What can professional consultants do in this difficult and uncertain situation? They can do a great deal by organizing their analyses and proposals with an integral perspective and vision. Indeed, dignified employment for people, care for our common home, economic and social value, and positive impact on communities are all interconnected.
Today’s consultants, aware of their role, are called to propose and discuss new directions for new challenges. The old schemes worked only partially, in different contexts. I would call this new generation of consultants “integral consultants”: experts and professionals who take into account the connections between problems and their respective solutions and who embrace the concept of relational anthropology. Such an anthropology “helps the human person to recognize the validity of economic strategies that aim above all to promote the global quality of life that, before the indiscriminate expansion of profits, leads the way toward the integral wellbeing of the entire person and of every person. No profit is in fact legitimate when it falls short of the objective of the integral promotion of the human person, the universal destination of goods, and the preferential option for the poor,”  and, we can add, the care of our common home.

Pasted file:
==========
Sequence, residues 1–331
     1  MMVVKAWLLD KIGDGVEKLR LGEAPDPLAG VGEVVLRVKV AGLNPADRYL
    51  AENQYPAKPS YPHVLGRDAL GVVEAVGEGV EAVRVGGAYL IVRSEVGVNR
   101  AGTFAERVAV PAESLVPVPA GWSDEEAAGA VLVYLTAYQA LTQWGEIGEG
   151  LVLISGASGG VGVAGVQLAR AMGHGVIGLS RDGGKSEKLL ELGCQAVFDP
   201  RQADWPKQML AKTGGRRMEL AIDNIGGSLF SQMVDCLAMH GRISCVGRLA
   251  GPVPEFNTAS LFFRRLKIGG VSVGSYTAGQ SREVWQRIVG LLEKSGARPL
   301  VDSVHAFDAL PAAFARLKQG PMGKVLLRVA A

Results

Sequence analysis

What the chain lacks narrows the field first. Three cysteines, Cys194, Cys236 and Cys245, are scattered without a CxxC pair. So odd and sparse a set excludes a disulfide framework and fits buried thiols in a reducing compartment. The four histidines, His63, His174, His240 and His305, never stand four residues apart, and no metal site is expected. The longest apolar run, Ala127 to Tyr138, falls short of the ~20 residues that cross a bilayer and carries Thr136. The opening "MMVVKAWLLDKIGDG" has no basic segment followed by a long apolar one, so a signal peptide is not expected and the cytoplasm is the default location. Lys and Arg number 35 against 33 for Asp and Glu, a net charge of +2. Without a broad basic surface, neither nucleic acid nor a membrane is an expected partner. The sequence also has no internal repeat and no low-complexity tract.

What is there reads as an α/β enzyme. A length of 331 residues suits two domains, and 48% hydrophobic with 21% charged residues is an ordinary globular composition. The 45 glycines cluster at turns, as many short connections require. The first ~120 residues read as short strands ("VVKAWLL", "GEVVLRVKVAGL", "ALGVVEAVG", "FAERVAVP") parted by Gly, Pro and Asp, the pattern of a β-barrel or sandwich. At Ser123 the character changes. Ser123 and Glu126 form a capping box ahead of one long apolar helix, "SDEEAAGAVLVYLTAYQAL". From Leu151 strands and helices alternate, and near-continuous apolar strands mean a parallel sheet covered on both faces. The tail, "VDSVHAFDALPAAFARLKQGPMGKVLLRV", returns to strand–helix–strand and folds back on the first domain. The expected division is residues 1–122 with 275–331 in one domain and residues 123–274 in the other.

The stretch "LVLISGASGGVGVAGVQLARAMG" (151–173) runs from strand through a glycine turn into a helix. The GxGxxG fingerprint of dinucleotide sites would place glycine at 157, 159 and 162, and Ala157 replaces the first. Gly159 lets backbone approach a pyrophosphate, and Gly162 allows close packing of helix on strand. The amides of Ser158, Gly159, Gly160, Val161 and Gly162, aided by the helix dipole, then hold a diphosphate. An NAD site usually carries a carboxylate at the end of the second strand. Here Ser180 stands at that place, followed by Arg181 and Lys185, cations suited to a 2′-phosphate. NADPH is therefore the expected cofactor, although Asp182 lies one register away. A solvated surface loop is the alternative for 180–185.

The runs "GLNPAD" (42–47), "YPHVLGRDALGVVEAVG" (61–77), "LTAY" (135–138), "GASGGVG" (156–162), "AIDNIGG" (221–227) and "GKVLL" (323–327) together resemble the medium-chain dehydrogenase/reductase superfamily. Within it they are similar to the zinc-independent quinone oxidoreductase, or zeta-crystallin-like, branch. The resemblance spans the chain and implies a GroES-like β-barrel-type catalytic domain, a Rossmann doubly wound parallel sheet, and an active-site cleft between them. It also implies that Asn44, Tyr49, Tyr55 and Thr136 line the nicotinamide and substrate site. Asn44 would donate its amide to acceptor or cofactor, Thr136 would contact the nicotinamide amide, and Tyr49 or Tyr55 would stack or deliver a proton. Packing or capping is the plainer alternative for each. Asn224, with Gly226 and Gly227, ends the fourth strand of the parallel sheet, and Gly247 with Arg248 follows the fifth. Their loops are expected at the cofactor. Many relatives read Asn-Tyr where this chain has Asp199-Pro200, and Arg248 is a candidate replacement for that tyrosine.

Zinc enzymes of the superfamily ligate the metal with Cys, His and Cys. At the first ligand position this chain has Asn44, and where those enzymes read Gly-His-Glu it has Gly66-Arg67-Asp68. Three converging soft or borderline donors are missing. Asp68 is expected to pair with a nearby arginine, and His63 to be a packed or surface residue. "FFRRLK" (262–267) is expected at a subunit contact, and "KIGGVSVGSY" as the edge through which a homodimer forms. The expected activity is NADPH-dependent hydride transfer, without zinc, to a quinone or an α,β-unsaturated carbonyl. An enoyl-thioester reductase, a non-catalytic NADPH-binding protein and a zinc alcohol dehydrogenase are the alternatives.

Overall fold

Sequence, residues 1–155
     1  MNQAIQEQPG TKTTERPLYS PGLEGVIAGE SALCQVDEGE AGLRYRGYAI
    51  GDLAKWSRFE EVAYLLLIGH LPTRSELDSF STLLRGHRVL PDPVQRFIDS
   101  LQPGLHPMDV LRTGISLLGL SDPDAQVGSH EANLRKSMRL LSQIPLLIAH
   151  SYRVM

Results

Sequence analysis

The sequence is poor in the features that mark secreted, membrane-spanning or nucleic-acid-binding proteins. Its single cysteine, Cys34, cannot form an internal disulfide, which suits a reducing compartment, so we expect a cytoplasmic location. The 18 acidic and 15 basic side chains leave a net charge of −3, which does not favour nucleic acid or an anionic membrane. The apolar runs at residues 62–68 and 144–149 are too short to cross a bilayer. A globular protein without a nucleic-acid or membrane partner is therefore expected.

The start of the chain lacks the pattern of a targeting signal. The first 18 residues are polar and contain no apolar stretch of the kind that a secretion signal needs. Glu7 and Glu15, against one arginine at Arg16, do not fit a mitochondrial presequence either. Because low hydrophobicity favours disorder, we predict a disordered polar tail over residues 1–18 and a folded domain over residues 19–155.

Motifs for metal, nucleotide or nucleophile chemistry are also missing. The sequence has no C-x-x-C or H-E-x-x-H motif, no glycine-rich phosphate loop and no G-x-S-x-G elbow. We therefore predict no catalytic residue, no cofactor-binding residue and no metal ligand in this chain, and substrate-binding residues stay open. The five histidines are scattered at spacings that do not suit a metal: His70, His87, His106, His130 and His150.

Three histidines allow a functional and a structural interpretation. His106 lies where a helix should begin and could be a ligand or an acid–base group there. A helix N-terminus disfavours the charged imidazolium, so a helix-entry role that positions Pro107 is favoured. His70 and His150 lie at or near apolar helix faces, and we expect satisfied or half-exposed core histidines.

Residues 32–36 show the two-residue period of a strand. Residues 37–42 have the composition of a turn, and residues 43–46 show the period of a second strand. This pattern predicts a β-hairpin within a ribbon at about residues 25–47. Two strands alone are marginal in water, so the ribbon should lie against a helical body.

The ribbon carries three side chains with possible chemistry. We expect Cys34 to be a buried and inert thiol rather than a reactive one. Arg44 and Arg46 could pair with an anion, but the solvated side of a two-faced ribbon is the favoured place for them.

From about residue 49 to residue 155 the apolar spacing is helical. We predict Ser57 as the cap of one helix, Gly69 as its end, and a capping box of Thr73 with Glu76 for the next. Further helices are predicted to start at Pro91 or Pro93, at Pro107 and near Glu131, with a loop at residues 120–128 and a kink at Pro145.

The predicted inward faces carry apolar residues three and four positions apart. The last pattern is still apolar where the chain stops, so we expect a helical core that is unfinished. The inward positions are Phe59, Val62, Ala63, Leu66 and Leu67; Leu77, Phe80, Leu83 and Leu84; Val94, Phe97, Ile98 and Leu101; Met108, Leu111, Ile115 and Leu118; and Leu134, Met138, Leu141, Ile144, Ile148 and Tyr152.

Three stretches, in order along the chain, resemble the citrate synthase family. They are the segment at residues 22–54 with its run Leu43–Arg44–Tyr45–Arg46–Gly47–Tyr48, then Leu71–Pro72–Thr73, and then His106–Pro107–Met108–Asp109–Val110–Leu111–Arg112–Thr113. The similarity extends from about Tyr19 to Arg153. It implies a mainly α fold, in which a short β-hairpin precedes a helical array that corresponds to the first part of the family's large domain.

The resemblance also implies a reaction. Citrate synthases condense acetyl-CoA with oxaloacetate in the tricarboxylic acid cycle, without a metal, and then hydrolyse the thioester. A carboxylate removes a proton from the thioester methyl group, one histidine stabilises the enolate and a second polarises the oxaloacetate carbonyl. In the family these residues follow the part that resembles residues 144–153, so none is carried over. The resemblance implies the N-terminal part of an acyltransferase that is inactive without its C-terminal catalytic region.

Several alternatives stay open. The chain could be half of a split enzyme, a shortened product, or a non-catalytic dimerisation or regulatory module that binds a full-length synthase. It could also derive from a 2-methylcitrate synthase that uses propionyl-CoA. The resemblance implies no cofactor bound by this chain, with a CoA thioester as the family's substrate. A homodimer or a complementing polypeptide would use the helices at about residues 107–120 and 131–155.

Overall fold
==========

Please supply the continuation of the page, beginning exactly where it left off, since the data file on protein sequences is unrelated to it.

My hope is that you can assist organizations to respond to this call. You have the right skills to cooperate in building that necessary bridge between the current economic paradigm – based on excessive consumption and which is experiencing its final phase – and the emerging paradigm centred on inclusion, moderation, care and wellbeing. I encourage you to become “integral consultants” in order to cooperate in reorienting our way of living on this our planet, which we have damaged in terms of both the climate and inequality.
Dear friends, in thanking you for this meeting and expressing my good wishes for your work, I bless you and your families, especially your children, the sick and the elderly, who are our wisdom. And I ask you, please, to pray for me. And if any of you do not pray or believe, at least wish me well. I need it! Thank you.